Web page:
The U.S. Geological Survey said the shallow, 7.2-magnitude quake struck off Sulawesi Island's coast at around 1:34 a.m. (1734 GMT; 2:34 p.m. Wednesday EST), shaking people from their sleep. It was followed by dozens of aftershocks, the strongest measuring 6.2.
The Talaud island chain, in waters just south of the Philippines, felt the quake most intensely, said Rustam Pakaya, a government crisis center official, adding that Melonguane and Kabaruan were the towns hardest hit.
Nearly 500 buildings were damaged, including several schools, hospitals and churches, he said. Of the 42 people receiving medical care, 10 suffered serious injuries. Thousands of others were seeking refugee in shelters.
The quake briefly triggered a tsunami warning - delivered over mobile loudspeakers and by radio and television. It was lifted about an hour later, however, after the threat of killer waves had passed.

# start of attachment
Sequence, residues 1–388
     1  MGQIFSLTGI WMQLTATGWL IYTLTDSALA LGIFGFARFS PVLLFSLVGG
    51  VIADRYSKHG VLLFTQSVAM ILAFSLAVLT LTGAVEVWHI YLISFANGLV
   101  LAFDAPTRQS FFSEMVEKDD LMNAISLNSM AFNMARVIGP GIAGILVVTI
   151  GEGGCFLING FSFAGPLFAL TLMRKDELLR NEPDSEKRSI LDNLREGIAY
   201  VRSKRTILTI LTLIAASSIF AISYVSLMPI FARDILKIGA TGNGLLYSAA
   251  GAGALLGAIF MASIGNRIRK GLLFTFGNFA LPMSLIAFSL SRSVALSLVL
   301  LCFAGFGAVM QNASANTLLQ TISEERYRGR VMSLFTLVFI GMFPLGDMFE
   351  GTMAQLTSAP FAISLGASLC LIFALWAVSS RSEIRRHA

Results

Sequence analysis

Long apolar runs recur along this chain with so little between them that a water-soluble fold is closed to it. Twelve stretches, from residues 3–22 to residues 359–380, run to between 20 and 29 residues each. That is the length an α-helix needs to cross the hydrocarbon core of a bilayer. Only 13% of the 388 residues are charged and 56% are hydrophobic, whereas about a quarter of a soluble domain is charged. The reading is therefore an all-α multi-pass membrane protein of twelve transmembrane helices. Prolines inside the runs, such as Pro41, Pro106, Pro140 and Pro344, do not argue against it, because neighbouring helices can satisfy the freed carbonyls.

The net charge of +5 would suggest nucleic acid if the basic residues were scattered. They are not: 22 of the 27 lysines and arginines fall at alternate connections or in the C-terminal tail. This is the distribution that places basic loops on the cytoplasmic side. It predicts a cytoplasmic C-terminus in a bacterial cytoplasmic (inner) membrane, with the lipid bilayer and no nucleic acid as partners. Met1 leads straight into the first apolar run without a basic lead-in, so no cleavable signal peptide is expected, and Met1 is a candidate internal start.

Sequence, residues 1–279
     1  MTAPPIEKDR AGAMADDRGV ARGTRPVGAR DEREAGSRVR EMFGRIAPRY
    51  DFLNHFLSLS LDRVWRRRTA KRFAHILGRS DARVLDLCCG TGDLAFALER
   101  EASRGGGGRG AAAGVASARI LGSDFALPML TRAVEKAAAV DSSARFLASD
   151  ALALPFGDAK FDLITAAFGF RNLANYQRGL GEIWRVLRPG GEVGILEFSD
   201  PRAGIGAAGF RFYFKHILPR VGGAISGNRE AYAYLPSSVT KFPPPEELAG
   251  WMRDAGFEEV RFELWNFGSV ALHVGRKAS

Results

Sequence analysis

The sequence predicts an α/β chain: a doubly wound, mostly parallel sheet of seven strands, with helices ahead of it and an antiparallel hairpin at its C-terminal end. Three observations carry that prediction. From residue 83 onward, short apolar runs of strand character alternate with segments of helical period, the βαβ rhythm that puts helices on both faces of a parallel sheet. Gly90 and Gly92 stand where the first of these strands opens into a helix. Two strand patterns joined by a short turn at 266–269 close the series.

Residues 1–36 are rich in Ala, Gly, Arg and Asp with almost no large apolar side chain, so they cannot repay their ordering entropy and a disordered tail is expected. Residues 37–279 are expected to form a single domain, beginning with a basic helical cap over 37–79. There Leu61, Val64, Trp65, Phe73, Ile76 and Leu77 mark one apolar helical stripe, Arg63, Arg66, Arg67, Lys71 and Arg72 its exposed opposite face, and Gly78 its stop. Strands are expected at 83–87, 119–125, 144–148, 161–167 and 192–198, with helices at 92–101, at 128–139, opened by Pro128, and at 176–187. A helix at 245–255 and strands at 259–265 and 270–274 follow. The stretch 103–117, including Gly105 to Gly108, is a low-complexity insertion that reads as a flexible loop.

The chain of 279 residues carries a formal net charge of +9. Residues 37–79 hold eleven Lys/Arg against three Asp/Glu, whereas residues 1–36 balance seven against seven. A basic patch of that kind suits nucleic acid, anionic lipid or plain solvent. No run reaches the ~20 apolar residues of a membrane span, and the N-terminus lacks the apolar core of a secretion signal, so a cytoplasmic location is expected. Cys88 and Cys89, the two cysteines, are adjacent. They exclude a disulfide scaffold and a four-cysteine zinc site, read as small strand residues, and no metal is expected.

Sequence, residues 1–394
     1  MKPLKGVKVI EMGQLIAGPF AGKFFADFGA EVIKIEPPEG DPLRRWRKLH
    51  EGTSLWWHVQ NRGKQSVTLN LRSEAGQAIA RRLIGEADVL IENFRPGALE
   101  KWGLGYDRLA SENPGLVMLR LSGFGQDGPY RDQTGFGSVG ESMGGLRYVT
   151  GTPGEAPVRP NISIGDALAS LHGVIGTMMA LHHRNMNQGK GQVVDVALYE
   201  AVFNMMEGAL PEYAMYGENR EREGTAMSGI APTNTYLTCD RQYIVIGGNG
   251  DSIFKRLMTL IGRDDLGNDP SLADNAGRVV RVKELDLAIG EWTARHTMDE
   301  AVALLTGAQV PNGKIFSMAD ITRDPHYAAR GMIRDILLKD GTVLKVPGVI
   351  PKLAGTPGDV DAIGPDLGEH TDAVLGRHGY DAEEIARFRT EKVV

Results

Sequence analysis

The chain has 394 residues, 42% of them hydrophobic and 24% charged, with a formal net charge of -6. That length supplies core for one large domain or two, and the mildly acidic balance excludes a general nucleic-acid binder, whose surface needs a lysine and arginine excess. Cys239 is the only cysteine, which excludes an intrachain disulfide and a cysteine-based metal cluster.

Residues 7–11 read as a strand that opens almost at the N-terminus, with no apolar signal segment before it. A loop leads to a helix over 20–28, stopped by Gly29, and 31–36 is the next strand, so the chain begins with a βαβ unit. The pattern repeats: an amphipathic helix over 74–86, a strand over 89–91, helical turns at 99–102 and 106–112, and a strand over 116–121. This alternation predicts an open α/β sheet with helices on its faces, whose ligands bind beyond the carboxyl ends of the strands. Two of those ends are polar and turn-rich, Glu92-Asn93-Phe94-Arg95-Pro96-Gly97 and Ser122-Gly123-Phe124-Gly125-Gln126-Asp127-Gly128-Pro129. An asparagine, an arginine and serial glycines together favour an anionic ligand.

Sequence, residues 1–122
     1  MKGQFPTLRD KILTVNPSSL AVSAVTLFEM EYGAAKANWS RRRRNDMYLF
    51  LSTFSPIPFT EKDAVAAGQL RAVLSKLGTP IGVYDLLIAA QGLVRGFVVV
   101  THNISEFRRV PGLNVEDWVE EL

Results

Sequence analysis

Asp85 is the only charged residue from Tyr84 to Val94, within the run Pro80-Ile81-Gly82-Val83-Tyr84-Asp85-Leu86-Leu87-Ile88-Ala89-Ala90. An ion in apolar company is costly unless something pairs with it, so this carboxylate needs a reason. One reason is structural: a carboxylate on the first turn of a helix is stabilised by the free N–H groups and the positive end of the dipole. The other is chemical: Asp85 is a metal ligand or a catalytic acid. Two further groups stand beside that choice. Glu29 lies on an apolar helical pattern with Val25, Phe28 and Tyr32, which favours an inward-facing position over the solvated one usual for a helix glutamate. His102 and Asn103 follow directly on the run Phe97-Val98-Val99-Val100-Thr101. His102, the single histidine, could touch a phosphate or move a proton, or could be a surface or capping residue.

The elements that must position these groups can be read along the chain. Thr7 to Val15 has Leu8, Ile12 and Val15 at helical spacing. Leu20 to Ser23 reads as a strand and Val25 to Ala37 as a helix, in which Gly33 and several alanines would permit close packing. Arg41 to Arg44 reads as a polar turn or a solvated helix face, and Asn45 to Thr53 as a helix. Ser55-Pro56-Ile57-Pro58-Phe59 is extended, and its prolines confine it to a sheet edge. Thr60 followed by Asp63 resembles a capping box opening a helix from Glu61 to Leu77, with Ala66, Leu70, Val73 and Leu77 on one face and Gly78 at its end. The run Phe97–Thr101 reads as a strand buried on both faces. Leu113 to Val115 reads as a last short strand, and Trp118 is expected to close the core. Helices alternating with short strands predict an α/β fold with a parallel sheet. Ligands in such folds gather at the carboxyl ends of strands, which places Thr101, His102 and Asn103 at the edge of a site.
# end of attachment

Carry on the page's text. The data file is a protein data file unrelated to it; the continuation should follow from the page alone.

"We were so afraid," said Damian Geruh, a Melonguane resident who described women screaming as they fled their homes. "We ran to nearby hill. I saw others climbing trees."
The USGS said the early morning quake, and nearly three dozen aftershocks that followed, were centered 195 miles from Manado, the northernmost city on Sulawesi island, and 12 miles beneath the ocean floor.
Indonesia is prone to seismic upheaval due to its location on the so-called Pacific "Ring of Fire," an arc of volcanoes and fault lines encircling the Pacific Basin.
In December 2004, a massive earthquake off the country's western island of Sumatra triggered a tsunami that battered much of the Indian Ocean coastline and killed more than 230,000 people - more than half of them in Indonesia's Aceh province alone. A tsunami off Java Island in 2007 killed nearly 5,000.